The term, onboarding, may bring to mind an ocean cruise (hopefully not the Titanic). But, in today's jargon, it refers to the process of bringing new employees into the company and making them comfortable and productive in relatively short order. Where orientation is generally a one day process to teach newbies about the company and its overall culture, onboarding is an extended process that can take weeks or even months to accomplish, depending on the person and the job.
A good onboarding program can bring employee retention rates to nearly 90 percent, but professionally-developed programs are costly. Small business owners can (and should) still conduct a well-planned process for their own new hires. Even if they can't afford the bells and whistles of professional onboarding programs, they can use the intimacy and heart of their small company cultures to welcome new employees and bring them into the fold. Here are five tips that can help turn newbies into productive team members who may want to stay with you forever.
#1. Plan for their arrival.
Once employees arrive and fill out W-4s and other forms, what will happen next? Do you have a place for them to sit? Do you have a mentor who can train and guide them? Have you planned their first activities?
Just as important, do you have real work that will make the new hire feel productive right at the start? Just one day spent at loose ends seems like a year. They may think twice before returning to repeat the experience for even one more day.
#2. Introduce the place, the people and the culture.
If you have a relatively short and entertaining orientation video that doesn't look like a Leave It To Beaver rerun, there's nothing wrong with requiring new hires to watch it. But, don't stop there.
Take them on a tour, pointing out everything from restrooms to resources that they will regularly need. By all means, introduce them to the people who they need to know right away. Introduce them to too many people, however, and they may start taking notes.
Don't forget the social aspects. Plan a lunch with their immediate managers and a small group of significant co-workers. This is one of the best ways to get them to know the people who will be most important to them.
#3. Develop an effective training plan.
The primary goal of training is to teach new employees the ins and outs of their day-to-day jobs. In a perfect world, you would have written instructions for every job, but your employees are probably busy enough just doing their own work, without becoming training developers.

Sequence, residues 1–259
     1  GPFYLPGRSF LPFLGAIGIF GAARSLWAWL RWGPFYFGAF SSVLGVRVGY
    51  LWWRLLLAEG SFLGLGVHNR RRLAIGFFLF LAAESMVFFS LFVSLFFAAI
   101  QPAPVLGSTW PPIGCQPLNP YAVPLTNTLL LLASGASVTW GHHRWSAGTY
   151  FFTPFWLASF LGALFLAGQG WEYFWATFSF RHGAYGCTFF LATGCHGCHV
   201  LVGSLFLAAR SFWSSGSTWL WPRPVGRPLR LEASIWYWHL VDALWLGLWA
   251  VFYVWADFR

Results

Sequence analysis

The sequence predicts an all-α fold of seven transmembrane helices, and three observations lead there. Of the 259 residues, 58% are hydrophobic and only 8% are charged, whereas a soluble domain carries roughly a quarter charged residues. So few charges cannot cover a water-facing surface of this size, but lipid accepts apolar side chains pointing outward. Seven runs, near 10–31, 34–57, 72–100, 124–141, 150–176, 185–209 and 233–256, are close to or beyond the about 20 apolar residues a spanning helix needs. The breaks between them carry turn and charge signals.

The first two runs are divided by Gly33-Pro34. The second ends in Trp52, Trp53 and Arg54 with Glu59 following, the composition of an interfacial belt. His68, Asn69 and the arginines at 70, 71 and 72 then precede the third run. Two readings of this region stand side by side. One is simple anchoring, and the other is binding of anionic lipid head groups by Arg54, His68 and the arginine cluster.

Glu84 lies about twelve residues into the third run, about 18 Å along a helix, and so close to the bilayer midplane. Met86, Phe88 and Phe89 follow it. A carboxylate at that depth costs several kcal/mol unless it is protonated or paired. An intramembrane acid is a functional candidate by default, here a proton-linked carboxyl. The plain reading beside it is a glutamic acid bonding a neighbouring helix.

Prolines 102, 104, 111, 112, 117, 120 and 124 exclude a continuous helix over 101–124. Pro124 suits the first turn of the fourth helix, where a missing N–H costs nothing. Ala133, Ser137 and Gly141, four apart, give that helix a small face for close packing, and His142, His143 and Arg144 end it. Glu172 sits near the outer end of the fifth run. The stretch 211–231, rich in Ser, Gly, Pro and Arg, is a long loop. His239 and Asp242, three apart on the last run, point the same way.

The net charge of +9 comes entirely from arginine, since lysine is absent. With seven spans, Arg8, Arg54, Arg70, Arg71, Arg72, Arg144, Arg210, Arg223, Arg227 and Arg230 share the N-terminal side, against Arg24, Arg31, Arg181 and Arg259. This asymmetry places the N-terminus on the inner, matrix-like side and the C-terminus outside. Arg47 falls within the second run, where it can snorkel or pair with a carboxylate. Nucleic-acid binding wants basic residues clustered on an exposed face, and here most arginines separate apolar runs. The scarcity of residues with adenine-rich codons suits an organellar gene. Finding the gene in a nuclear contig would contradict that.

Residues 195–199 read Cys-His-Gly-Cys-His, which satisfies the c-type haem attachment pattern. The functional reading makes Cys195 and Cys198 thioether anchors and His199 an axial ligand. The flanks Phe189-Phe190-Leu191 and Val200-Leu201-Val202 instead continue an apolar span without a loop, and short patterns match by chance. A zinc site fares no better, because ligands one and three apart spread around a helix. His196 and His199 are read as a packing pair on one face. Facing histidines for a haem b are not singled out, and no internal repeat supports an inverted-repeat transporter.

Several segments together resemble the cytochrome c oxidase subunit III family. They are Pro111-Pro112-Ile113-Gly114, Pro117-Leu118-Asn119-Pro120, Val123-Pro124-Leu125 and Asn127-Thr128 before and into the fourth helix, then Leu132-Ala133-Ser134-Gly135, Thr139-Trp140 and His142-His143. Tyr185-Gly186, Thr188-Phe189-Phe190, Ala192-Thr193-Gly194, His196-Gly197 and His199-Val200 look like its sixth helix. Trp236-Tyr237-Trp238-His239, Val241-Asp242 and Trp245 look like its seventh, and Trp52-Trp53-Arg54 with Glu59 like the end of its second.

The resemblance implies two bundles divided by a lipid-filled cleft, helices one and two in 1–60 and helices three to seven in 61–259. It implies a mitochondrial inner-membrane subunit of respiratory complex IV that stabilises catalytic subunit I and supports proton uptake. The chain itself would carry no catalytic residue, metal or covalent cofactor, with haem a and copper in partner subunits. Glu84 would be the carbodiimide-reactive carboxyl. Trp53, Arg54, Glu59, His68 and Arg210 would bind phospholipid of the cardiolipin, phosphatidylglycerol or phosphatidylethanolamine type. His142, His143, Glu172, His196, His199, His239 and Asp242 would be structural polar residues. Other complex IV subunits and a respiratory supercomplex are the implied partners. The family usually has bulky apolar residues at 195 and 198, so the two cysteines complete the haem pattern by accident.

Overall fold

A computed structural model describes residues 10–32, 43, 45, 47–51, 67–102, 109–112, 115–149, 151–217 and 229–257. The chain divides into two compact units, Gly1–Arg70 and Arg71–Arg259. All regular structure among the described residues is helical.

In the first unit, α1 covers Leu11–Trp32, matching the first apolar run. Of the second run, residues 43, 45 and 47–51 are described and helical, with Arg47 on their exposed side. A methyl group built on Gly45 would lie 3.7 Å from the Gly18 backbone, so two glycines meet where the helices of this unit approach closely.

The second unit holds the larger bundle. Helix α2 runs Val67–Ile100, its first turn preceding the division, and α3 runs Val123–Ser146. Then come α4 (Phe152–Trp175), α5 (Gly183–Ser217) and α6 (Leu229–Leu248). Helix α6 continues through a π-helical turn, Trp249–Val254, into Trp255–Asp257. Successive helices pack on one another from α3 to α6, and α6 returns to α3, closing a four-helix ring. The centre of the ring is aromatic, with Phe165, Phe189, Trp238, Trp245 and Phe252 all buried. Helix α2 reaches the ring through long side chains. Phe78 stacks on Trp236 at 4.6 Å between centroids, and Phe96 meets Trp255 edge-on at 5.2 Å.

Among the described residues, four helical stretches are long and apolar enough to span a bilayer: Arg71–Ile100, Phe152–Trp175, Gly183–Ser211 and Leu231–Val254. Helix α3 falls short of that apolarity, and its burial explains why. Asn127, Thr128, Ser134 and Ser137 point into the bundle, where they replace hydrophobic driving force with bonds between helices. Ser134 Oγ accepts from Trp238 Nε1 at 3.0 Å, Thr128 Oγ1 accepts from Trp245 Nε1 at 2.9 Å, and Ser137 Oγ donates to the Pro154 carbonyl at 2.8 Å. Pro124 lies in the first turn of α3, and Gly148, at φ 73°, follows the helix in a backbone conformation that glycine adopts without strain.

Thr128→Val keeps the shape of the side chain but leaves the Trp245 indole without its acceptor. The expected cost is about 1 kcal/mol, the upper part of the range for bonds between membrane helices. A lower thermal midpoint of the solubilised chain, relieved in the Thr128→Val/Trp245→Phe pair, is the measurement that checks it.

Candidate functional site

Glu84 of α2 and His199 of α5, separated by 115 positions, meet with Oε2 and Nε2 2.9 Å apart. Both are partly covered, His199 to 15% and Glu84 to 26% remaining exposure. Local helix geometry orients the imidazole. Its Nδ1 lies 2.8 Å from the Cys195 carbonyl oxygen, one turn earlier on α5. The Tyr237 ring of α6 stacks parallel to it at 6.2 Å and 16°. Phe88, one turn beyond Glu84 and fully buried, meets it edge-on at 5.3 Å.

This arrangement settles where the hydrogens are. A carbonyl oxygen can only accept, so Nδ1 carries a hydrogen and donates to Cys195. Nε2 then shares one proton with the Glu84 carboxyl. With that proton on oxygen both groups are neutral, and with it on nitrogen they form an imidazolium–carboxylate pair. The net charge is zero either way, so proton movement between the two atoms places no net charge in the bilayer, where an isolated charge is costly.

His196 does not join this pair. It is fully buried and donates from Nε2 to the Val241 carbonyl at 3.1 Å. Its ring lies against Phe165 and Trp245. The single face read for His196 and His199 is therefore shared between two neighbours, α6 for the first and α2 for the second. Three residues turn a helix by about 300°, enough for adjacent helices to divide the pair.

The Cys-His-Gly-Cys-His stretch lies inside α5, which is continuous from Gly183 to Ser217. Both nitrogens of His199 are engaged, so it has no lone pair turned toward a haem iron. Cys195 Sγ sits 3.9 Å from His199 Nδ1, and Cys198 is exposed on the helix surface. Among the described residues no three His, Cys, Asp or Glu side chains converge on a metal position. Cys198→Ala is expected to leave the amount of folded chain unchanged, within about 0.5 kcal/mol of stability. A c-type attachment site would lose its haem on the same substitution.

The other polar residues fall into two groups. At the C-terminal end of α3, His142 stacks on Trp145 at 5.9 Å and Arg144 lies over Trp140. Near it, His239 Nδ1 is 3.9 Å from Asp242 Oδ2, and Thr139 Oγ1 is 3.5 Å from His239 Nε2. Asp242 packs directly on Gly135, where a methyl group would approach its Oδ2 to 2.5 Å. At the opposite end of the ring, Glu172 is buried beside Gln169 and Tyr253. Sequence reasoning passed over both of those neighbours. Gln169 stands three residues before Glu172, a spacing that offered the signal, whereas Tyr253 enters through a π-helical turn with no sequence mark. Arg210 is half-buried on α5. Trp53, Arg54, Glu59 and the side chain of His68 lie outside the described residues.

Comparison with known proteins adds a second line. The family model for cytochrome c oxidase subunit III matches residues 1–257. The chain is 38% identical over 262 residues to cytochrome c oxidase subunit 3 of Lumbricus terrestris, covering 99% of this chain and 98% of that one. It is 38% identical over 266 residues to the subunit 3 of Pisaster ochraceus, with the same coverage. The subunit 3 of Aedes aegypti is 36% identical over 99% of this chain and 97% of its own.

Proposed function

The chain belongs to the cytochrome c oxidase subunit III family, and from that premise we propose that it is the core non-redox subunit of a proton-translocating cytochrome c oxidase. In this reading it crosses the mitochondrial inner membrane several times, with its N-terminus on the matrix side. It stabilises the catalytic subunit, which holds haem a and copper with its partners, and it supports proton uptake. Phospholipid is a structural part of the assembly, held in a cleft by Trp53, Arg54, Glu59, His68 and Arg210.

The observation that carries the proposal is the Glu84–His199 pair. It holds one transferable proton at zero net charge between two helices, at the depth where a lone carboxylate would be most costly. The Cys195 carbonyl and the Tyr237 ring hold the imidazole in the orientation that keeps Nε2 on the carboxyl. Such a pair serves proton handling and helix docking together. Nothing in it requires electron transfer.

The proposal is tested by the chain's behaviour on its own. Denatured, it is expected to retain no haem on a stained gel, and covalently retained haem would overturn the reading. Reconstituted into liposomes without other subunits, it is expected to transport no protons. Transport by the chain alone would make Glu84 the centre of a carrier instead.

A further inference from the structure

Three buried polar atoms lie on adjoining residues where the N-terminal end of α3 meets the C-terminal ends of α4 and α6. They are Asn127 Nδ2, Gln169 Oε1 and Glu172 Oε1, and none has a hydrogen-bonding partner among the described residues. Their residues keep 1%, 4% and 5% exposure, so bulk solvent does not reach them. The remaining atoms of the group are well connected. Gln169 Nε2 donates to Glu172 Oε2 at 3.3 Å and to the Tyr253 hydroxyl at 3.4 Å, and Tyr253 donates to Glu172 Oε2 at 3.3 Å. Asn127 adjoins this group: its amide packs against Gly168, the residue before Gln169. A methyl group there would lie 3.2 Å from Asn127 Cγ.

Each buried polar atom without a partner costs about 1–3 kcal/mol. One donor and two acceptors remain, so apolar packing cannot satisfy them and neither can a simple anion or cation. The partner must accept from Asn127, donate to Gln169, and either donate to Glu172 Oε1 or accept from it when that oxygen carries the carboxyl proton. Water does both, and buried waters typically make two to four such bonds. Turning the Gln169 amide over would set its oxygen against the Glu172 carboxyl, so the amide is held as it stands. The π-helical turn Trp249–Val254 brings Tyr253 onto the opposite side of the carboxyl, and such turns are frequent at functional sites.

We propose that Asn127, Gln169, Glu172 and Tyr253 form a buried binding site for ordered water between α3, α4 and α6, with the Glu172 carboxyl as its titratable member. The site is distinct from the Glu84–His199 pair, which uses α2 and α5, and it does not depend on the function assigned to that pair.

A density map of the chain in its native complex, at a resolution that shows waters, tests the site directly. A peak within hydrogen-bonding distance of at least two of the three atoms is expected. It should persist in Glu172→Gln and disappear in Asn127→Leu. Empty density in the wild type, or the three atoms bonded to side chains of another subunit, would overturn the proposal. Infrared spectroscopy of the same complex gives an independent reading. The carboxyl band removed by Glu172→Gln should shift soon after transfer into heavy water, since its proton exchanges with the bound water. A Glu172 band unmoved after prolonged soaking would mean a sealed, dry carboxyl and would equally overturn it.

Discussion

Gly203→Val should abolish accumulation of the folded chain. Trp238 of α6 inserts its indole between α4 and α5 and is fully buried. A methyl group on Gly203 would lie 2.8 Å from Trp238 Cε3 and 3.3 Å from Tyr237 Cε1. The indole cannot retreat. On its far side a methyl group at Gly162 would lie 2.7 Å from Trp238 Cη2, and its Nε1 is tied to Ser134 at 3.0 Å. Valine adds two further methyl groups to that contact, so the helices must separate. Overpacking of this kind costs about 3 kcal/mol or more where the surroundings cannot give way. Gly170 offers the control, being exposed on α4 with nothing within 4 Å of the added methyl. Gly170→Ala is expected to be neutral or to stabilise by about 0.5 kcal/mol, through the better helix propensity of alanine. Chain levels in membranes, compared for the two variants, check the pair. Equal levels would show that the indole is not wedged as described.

Assign one or more patient mentors to teach them how to perform their jobs. And, once job training is complete, keep in mind that small businesses typically require employees to wear many hats to back up other employees. As time and comfort levels permit, provide new-hires with job shadowing opportunities that introduce them to the big picture.
#4. Set realistic expectations.
If you've ever watched Undercover Boss, the disguised boss gets about three minutes of training and then, the trainers expect speed comparable to their own. This is a great way to set up a new-hire to fail. Understand that inexperience brings reduced dexterity and a natural learning curve to the mix.
You probably know what to expect from newbies — and what progress actually looks like. Set and communicate their initial goals at levels that they can meet or exceed. As they progress, keep raising the bar until they reach maximum levels. If they exceed the maximums, given them a raise. Then, find out what they're doing differently and pass the information along to everyone who needs it.
#5. Invite feedback.
Out of fear of job loss, brand new employees seldom want to provide feedback that might make waves with upper management. Trainers, however, require feedback, so they need to genuinely invite questions and comments without argument or even rolled eyes. Remember the age-old saying: there is no such thing as a stupid question.
Onboarding programs are not one size fits all.
A well-honed plan provides a good start for every new employee that you bring in. But, the same plan may not account for the types of positions they fill, the staff that you can afford to lose to training activities at any given time, and even the personalities of everyone involved. Your onboarding process needs to remain effective, while flexibly addressing issues like these.
One issue to consider: your small business is susceptible to the ebb and flow of the business cycle, but can you really afford to fill new staffing needs only during the slow season?
Planning and timing are everything. You absolutely have to consider new-hire needs from the first day that they walk through your doors. If you have a clear plan in place, you know how to conduct an abbreviated up-front onboarding process that meets the most immediate needs. As time permits, go back to fill in the less-important blanks. A consistent plan with built-in flexibility can help your newbies develop a solid comfort level quickly. They'll thank you by staying on the job longer.